The Underground Railroad from Slavery to Freedom (A comprehensive History) by Wilbur H. Siebert (1898) is a detailed history of the system of the Underground Railroad that helped a large number of slaves escape during Antebellum to Canada and Northern States…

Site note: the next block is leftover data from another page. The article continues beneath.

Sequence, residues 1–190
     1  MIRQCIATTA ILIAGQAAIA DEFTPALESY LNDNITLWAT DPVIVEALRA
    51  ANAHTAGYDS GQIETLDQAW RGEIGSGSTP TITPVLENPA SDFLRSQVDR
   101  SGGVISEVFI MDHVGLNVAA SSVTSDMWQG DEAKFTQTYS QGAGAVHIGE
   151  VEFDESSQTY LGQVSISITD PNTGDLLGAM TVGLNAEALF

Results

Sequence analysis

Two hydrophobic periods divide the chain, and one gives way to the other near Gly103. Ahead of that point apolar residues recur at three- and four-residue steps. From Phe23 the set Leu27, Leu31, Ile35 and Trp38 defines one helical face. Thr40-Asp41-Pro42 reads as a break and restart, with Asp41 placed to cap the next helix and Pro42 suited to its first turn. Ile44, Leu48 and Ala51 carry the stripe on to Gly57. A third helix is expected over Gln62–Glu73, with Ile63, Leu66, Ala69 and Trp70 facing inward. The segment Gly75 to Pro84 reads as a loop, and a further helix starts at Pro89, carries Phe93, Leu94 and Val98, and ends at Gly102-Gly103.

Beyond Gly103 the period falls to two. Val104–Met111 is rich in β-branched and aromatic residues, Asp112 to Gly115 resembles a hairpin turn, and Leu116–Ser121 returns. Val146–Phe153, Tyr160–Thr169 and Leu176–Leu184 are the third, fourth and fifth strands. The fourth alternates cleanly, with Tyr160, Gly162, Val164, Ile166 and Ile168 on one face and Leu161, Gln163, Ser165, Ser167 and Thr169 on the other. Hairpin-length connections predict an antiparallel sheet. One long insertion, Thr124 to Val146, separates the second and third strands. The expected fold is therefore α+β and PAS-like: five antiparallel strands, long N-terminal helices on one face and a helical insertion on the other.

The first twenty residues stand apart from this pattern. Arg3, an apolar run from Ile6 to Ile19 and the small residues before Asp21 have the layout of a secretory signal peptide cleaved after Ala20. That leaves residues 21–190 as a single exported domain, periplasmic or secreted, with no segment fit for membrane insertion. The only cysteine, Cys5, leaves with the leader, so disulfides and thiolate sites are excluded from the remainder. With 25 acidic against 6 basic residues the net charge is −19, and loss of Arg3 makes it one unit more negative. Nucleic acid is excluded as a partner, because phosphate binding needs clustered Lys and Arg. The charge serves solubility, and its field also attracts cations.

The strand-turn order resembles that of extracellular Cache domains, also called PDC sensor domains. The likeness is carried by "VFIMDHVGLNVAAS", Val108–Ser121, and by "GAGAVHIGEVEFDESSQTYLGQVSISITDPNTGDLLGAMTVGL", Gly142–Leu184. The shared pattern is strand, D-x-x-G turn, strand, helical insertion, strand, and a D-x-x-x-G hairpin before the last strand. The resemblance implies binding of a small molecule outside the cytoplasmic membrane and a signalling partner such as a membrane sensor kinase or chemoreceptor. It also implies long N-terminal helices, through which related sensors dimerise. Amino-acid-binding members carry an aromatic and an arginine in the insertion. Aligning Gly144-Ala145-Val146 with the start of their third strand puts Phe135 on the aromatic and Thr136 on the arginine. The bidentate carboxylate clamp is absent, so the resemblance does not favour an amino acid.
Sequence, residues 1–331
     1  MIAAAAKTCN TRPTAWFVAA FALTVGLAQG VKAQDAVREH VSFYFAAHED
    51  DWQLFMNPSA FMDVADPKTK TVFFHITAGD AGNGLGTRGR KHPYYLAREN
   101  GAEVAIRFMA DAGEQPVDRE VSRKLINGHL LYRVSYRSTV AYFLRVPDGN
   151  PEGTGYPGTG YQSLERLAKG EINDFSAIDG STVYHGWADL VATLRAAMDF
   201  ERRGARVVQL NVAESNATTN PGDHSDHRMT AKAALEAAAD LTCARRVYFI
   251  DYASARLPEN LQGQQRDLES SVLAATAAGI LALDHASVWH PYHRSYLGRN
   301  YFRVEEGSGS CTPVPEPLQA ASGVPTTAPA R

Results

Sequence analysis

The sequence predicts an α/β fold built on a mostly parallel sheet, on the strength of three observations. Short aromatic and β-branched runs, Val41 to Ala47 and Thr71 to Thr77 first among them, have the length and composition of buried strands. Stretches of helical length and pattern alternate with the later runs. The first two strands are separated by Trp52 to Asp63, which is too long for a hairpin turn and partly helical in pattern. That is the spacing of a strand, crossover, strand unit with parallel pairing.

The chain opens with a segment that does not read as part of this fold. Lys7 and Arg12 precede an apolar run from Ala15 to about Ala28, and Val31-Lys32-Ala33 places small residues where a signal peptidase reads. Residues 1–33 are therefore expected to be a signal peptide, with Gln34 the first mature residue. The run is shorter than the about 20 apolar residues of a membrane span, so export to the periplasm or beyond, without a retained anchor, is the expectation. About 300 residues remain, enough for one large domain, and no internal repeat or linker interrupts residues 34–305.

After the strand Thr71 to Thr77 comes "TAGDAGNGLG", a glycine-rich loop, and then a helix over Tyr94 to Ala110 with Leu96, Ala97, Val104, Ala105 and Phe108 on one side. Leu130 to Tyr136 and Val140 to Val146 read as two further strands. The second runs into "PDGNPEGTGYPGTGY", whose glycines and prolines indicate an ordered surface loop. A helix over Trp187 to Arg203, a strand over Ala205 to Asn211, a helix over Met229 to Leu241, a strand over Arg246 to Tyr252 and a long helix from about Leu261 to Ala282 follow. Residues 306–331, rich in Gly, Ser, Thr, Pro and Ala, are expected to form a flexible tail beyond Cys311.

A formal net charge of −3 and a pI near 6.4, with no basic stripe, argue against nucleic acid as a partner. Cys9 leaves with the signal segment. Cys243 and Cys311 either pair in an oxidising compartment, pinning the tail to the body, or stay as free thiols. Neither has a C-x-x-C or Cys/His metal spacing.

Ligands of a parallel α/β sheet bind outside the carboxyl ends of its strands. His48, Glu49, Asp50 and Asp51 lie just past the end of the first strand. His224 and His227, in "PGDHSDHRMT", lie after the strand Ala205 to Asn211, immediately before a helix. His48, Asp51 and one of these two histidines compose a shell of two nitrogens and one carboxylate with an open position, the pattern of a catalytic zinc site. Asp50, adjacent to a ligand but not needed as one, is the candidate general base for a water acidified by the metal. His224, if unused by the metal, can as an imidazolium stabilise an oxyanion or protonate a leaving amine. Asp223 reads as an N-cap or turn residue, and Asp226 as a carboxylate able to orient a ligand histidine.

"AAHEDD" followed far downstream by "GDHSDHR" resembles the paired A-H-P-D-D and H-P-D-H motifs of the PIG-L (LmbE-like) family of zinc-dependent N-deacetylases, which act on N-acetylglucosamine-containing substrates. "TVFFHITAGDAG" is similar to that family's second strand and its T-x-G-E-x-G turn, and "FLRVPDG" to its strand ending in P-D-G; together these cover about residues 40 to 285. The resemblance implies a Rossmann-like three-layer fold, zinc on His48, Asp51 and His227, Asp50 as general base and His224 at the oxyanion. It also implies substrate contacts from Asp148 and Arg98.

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Siebert’s narrative is based on a comprehensive research expanding over fifty years. The book is an interesting compilation of various forms of writings such as speeches, letters, biography as well as direct narratives. The author begins with a detailed description of the various sources - articles in periodicals, contemporaneous documents, and collections of reminiscences - that have been used to write this book. As many locals were aiding the escape of slaves, the author chronicles the events that led to the draft of the Fugitive Slave Law in 1793, by which helping slaves escape was declared as an offence. This high level of ill-treatment resulted in the deep desire among the slaves to attain freedom. At this time, they also began to hear about the favorable condition in Canada. Soon, the Underground Railroad system began to develop in Ohio, Iowa and Illinois. The author further talks about the abduction of slaves from the south and how the local people assisted in helping the slaves escape and lead a better life in a place where they have enough freedom. The operations of the Underground Railroad were also done through innovative ways like midnight service and the passing on of cryptic messages.Slaves hid in hiding places and resorted to disguises. Committees of vigilance were formed in places like Boston and Philadelphia and supplies for passengers were also arranged. The Underground Railroad soon became a much formalized process as people took up the responsibilities of being the Underground Agents, Station Keepersor conductors. Here, the author also gives credit to those who stepped forward as Underground helpers and commends the efforts of people like Gerrit Smith and Elijah P. Lovejoy, Seth Concklin, Charles T. Torrey, Calvin Fairbank and so on. As Canada was considered to be the safest haven for the escaped slaves, author moves on to chronicle the life of colored people in Canada, where the refugees had better circumstances than what they have undergone.The natives in Canada were receptive and open to these refugees and welcomed them to share their land and resources. To give this compilation a comprehensive view, the author brings into light, the concepts of denial of jury, arrest without legal process and the penalties for aiding the fugitives. The author tracks the subject of Underground Railroads in terms of political aspects by looking at the rules of extradition, the demand for slave laws, slave agitation, anti-slavery movement and so on. The proclamation of emancipation of slaves as well as the repeal of the anti-slavery laws is also discussed in detail. In the end, the writer proceeds to unearth facts about the loss faced by the slave owners, the census reports on the fugitive slaves, the fugitive slave controversy, and how all this led to the Civil War that ultimately to the abolition of slavery in the United States of America. It presents a poignant account of the slaves lives and conditions and elucidates the struggles and the vigour with which the Underground Rail was used during the highly politically volatile environment of the times. The book is therefore a useful documentary on the growth and spread of the freedom spirit among the slaves and meticulously details the antecedent conditions that led to the great Civil War. THE ABOVE SECTION IS SUMMARY AND IS 501 WORDS OR 2 PAGES THIS SECTION BELOW IS INCLUDED IN YOUR INSTRUCTIONS Criticize or comment on each of the following about the book: • Organization – The book is organized into 11chapters with each chapter dealing with a critical aspect of the Underground Railroad. The book has been organized with clarity, according to chronology as well as according to particular context. For example, the author
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